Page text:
Javier Báez is a legitimate candidate for the National League Most Valuable Player award. On a team with Kris Bryant, Anthony Rizzo, and Willson Contreras, each elite at their respective positions, it’s Báez who has garnered the most frequent discussion in the MVP talks. And while there’s still a good chunk of the season to go, the talk is warranted. However, given his drastically different skill set from past MVPs, as well as current candidates, it’s worth wondering just how much of a chance he has to take home such significant hardware at season’s end.
In regard to the skill set, yes, there are the drawbacks to Javy’s game. We see them on a near-nightly basis. The strikeouts are high, to the tune of 24 percent. He doesn’t walk, like, ever. But with punchouts such a prominent part of today’s game, including with many elite hitters (Paul Goldschmidt, Aaron Judge, etc.), it shouldn’t nearly be as stigmatized as it has been in the past. He makes some outs on the bases, due to that aggressive nature, and he’s prone to erraticism in the field, on occasion. However, none of those are an true detriment worth changing, when you consider the skill set and value that he’s brought to this Cubs ballclub in 2018. One can probably make the argument that his skill set is above numbers. However, given how essential numbers are going to be in evaluating MVP candidates, does he even stand a chance?
By nearly every account, Baez has turned in a career year thus far, with almost two full months still to go in the season. His average (.302) is up almost 30 points higher than either of the two previous years. His on-base is easily a career high (.333). He’s bringing the power with more regularity than almost any hitter in baseball, with a .274 ISO. A .312 TAv is almost 30 points above his career average, while his wRC+ of 137 represents the first time in his career he’s been over 100.
Just for fun, the following represents where Javy Báez stands in relation to the last five NL position players to take home the Most Valuable Player award, bearing in mind that there’s still a long while to go in this 2018 season:
|Buster Posey (2012)||.336||.408||.213||.346||164||9.9|
|Andrew McCutchen (2014)||.314||.410||.228||.350||168||6.6|
|Bryce Harper (2015)||.330||.460||.319||.386||197||11.2|
|Kris Bryant (2016)||.292||.385||.262||.350||148||9.1|
|Giancarlo Stanton (2017)||.281||.376||.350||.349||156||8.6|
|Javier Báez (2018)||.302||.335||.274||.312||137||3.8|
And here he is again, against players that are, in all likelihood, going to be considered MVP candidates among National League position players (in no particular order):
As far as past MVPs are concerned, it’s an interesting situation. Because, again, Baez represents a different skill set than the other five. You have a pure power hitter like Stanton, big OBP and big power guys (like Bryant and Harper), and then all-around types like Posey and McCutchen, who were essential in playoff runs for their respective teams. Even at season’s end, his numbers might not be able to measure up. Obviously we’re hoping that voters don’t live and die by the stat sheet.
In comparison to some of the 2018 candidates, it’s a similar situation. Arenado and Freeman are perhaps the two frontrunners, with both posting huge OBP numbers and winning big in the park-adjusted, runs-created types of figures. But while he doesn’t necessarily match up well on the on-base side, he’s right there in regard to average and power production. Of course, it’s the other factors, largely unique to Báez, that will really allow him to be a horse in this MVP race.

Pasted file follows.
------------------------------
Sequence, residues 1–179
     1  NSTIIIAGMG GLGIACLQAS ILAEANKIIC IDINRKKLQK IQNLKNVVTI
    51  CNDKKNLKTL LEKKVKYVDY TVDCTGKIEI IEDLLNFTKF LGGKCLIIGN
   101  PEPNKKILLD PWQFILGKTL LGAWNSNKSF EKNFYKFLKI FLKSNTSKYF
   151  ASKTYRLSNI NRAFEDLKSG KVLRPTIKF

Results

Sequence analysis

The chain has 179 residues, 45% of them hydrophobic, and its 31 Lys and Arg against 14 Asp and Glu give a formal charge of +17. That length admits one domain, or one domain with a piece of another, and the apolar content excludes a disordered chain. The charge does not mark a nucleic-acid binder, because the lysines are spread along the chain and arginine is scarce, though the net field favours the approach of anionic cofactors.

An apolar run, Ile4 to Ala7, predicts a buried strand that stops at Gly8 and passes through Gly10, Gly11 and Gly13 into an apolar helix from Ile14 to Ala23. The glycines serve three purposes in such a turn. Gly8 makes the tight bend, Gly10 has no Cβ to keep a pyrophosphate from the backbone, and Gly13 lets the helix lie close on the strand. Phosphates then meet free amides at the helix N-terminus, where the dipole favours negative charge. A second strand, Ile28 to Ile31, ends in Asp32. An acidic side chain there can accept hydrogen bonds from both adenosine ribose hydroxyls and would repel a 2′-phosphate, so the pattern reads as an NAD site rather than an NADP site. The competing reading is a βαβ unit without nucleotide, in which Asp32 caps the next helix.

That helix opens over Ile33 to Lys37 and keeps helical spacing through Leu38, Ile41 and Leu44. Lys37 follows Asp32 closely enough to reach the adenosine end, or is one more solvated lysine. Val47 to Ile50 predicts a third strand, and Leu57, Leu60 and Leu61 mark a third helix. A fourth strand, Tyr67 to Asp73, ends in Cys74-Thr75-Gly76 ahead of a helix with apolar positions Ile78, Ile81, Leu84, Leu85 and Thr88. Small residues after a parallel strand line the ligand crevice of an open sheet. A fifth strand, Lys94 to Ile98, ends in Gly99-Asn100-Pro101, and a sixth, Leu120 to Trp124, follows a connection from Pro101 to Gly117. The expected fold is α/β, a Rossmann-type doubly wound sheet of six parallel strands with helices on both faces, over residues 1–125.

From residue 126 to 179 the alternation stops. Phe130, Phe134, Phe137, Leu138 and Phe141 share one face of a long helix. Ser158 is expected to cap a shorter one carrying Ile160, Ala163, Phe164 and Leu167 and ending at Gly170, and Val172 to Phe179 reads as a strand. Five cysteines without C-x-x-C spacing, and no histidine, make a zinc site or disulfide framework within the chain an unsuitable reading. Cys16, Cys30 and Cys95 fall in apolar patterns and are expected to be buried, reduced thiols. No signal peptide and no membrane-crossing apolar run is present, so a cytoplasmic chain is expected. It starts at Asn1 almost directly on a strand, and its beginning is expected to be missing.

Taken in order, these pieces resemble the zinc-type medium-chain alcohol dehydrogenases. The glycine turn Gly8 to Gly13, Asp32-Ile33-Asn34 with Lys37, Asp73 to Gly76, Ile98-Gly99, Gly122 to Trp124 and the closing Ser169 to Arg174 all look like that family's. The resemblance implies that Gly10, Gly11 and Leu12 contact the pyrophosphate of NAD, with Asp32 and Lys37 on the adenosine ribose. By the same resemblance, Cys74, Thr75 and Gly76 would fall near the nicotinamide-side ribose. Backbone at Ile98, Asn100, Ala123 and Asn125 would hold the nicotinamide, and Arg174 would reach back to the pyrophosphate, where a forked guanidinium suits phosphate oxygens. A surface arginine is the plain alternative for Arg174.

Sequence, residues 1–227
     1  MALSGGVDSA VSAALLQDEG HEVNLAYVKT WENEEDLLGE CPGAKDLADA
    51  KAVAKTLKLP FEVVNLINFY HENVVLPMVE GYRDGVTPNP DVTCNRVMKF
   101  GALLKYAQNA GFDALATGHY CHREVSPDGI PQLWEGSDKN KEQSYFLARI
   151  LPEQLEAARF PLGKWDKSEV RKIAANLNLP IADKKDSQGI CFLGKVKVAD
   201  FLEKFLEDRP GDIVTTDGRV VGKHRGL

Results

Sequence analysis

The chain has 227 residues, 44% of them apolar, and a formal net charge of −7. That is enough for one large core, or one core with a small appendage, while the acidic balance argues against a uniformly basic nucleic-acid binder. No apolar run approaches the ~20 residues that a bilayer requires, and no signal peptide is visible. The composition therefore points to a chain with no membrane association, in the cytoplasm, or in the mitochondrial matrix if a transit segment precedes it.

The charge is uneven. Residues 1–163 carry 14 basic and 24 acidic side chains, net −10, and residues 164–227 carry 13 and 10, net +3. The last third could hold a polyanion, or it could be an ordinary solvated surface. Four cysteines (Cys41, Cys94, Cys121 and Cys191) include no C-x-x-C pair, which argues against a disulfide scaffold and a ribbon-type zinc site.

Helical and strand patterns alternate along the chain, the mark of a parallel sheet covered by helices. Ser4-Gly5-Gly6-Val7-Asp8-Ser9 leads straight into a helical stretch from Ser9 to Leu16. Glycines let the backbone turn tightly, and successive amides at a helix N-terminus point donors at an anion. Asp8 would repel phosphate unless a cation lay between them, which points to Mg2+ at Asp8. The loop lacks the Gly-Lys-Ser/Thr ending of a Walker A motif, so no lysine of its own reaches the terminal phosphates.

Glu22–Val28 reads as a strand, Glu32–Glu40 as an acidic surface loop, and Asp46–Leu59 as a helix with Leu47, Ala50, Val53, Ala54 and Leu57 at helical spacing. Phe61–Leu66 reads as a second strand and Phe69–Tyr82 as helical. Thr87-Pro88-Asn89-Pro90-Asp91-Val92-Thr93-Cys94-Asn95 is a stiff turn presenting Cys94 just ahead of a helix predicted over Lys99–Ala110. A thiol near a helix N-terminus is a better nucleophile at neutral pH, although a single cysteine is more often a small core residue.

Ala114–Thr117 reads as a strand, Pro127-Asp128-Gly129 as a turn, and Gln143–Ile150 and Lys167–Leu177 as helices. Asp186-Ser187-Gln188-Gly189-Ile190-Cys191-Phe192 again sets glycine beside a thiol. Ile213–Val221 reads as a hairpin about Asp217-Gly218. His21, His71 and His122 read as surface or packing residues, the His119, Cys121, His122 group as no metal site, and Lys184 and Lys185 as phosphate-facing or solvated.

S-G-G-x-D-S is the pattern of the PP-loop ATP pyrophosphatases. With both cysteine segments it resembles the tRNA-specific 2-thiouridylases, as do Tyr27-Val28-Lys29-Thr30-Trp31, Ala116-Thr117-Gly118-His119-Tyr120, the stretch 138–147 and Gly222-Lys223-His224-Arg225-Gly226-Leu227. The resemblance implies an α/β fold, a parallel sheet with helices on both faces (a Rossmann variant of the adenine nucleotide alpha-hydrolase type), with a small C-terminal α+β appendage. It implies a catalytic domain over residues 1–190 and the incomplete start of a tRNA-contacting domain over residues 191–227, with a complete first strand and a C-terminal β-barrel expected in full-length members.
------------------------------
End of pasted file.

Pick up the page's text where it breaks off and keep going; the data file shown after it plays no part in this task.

As a baserunner, Báez has a large advantage. Aggressiveness be damned, Javy grades out as easily the best baserunner among the other candidates, with FanGraphs’ baserunning metric coming in at 5.5 for him. The closest to him is Goldschmidt, at 2.0. Báez’s 19 steals are tied for fourth-most in baseball, and have him very well on track to go for 30/30 this season. His instinctive nature is going far in generating runs for the Cubs, regardless of how he reaches base. As an offensive entity, he does so many things that make him the Cubs’ most valuable player this year.
The defensive element is more difficult to consider. It’s hard to measure him up against the other candidates of this year, given the difference in position. Furthermore, defensive metrics really do not like him, with neither BP (-1.1 FRAA) or FanGraphs (1.2 Def) painting an overly positive picture for him. It’s all about the eye test in that regard. He’s versatile. He’s range-y. He has as strong an arm as any infielder in baseball, with unreal hands and instincts. Voters are almost certain to recognize that element of his game. Will it be enough of a boost to get him to a legitimate part of the discussion?
It’s obviously quite difficult for me to be objective about Javy Báez. But even in the most neutral sense possible, it’s really hard to keep him out of the discussion. He brings a much different skill set, but has performed at a high level in nearly every regard, to the point where much of his output is very much hanging with more established candidates. With that said, it’s a total wild card as to whether or not he garners legitimate consideration. The other candidates are more established, reach base far more, and aren’t as polarizing (the fact that Báez is even a polarizing player is absurd in its own right). But a player who is so dangerous at the plate, creates mayhem on the basepaths, and brings elite upside with the glove, all of which have been displayed with astounding regularity this year, absolutely deserves to be there.
Lead photo courtesy Dennis Wierzbicki—USA Today Sports